And so far, initial response to things like our Ultra Strawberry Dreams has been really positive from consumers and bottlers to the Zero Sugar and other. So we are pretty optimistic and upbeat about innovation this year. Also, we were introducing a lot of multipacks to try and increase the take home, particularly in places like grocery. So again, we haven’t described them that much on this call, but there’s a whole skew of multipack and variety packs that we’re doing in a multipack which we think will be positive for the brand this year for sales.

Operator

The next question comes from Steve Powers of Deutsche Bank. Please go ahead.

Steve Powers — Deutsche Bank — Analyst

Hey, thanks, and good evening. Just I guess a couple of cleanups on the gross margin topic. The first one is, Rodney, I think at the start of the call, you bridged to a $60 million increase in COGS. I just wanted to clarify what that was. I think if I’m not mistaken, COGS is up like 70 plus. So just exactly what those numbers were and what they weren’t? Number one.

Number two, I don’t know if you can comment on the mix of cans in the fourth quarter, old higher-cost cans versus current-cost cans and if that was materially different than what you had seen in the third quarter? And then three, the Latin America gross margin, you called out sales growth there is fantastic, but the gross margin has been progressively under pressure and was down, I think, 10-plus points in the fourth quarter. Just the drivers there and if you think you’ve got the ability to turn that gross margin progress around in Latin America? Thank you.

Hilton Schlosberg — Vice Chairman and Co-Chief Executive Officer

I think, Steve, we spoke about that about margins earlier on the call. Margins on a sequential basis were actually up. So I’m really not sure what you’re referring to. And the first question that we answered spoke — I spoke quite heavily about the progression of gross margins and the pluses and the minuses. So maybe I’m missing something, but I think we did discuss margin earlier on the call. And with regard to the $60 million that we spoke about in the release, that was only — the $60 million was comprised of $39.6 million due to increased ingredients and other input costs and $12.5 million due to geographical product sales mix and $7.9 million due to increased logistical costs. And the rest of the increase in cost of sales was normal increases as you would expect to — in a normal business environment. Those are the kind of the exceptional ones that we called out.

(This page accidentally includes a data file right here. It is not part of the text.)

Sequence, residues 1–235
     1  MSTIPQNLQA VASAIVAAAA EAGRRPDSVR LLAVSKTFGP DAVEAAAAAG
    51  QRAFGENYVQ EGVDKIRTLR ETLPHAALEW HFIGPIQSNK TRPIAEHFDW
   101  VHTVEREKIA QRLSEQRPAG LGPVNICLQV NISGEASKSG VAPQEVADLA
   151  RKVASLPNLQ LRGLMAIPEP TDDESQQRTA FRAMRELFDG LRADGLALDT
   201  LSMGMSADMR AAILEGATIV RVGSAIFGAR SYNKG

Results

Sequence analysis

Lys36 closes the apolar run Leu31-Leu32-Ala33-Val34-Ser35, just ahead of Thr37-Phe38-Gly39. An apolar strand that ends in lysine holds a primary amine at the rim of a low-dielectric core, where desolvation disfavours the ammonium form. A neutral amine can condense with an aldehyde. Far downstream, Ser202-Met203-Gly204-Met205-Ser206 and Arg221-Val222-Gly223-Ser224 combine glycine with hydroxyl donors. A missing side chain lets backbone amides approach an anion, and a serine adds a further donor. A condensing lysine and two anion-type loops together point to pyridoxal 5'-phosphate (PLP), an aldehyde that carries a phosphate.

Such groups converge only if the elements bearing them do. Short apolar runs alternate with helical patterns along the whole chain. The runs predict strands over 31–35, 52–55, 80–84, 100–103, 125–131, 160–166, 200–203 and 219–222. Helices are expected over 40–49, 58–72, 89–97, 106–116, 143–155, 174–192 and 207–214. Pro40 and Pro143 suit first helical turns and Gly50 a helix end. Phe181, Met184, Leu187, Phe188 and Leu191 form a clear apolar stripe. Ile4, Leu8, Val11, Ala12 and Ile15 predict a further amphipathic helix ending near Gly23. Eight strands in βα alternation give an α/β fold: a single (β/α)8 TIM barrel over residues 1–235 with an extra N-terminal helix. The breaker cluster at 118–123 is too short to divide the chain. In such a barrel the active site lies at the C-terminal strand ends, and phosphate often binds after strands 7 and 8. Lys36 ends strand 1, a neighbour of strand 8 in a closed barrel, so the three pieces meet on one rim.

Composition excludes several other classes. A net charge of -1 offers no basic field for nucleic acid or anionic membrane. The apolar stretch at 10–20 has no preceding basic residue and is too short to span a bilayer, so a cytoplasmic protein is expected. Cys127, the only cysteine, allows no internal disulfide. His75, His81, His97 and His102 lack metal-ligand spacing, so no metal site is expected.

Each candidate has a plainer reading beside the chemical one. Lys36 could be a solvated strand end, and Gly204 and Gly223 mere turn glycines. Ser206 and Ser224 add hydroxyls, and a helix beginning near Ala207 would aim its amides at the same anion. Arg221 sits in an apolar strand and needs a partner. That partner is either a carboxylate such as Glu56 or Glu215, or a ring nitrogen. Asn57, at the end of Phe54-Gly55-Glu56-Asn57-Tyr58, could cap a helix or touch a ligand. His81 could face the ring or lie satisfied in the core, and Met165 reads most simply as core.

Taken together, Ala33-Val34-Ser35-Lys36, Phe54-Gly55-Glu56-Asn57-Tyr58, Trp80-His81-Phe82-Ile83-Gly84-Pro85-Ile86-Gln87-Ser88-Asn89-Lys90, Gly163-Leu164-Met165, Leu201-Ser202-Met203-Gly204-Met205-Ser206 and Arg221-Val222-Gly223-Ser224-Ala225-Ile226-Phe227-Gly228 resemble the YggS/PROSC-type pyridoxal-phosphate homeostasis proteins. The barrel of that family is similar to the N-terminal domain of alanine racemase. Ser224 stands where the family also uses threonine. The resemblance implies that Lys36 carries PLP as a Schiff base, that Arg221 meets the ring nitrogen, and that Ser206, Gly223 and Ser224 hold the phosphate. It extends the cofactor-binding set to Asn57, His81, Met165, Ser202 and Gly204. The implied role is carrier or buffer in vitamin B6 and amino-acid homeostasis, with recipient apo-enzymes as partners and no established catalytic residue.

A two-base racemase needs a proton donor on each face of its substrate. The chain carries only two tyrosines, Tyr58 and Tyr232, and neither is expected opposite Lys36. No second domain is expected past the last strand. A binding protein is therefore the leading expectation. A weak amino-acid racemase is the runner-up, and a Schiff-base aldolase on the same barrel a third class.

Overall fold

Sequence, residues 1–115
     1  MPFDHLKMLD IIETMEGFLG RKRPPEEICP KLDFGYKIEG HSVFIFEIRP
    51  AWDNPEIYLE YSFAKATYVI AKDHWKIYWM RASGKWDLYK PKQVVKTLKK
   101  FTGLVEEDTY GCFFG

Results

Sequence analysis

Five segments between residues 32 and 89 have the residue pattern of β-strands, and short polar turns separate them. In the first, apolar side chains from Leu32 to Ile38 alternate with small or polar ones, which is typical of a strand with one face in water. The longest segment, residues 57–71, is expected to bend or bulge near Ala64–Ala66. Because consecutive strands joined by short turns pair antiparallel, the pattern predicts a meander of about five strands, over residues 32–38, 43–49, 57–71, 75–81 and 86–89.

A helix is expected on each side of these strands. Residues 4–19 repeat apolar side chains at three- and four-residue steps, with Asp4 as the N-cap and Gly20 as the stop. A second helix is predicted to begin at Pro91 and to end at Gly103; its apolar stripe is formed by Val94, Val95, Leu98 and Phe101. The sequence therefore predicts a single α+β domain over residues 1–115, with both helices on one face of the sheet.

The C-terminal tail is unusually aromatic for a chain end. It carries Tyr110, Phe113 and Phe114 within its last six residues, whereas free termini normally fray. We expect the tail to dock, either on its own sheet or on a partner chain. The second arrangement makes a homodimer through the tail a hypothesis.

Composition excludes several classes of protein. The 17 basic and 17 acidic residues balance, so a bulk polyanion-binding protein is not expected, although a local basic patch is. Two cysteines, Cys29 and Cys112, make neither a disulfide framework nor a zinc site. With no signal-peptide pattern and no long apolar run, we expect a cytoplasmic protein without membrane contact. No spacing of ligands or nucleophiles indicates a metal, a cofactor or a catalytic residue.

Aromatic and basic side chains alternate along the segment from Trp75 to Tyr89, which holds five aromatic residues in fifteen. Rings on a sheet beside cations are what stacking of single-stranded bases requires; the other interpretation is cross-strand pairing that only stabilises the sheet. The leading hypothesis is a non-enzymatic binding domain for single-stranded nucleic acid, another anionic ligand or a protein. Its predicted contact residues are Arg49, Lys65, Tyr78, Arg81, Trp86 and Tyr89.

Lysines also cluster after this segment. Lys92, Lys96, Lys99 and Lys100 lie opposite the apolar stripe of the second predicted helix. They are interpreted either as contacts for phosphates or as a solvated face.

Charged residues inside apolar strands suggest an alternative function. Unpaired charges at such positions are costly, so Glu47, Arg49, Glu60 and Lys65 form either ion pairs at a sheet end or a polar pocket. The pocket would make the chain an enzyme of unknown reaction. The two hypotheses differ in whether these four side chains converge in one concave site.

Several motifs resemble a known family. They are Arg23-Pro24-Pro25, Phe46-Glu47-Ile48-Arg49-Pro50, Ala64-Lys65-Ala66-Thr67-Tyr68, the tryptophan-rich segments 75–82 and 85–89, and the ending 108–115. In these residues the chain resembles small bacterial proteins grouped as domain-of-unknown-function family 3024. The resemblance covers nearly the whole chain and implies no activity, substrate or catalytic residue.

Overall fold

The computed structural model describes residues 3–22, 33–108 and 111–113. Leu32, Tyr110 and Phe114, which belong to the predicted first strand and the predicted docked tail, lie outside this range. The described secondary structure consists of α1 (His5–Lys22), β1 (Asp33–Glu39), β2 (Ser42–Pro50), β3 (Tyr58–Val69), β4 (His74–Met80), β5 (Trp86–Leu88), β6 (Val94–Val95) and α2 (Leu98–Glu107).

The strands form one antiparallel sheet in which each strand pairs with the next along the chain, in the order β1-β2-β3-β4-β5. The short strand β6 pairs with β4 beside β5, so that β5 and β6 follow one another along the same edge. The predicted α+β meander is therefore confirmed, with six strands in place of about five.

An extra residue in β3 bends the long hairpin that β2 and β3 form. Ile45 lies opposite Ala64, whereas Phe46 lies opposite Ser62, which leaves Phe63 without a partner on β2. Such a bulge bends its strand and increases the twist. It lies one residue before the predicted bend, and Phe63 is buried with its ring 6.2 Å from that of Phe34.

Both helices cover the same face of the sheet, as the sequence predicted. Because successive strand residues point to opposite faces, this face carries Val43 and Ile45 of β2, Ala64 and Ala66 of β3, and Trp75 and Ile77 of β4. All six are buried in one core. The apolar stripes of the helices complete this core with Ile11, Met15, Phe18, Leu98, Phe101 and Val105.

Operator

This concludes our question-and-answer session. I would like to turn the conference back over to Mr. Rodney Sacks for any closing remarks.

Rodney Sacks — Chief Executive Officer

Thanks. On behalf of the company, I’d like to thank everyone for their continued interest. We continue to believe in the company and our growth strategy and remain committed to continuing to innovate, develop and differentiate our brands and to expand the company both at home and abroad and in particular, capitalizing on our relationship with the Coca-Cola bottling system.

We believe that we are well-positioned in the beverage industry and continue to be optimistic about the future of our company. We hope that you remain safe and healthy. Thank you very much for your attendance.

Operator

[Operator Closing Remarks]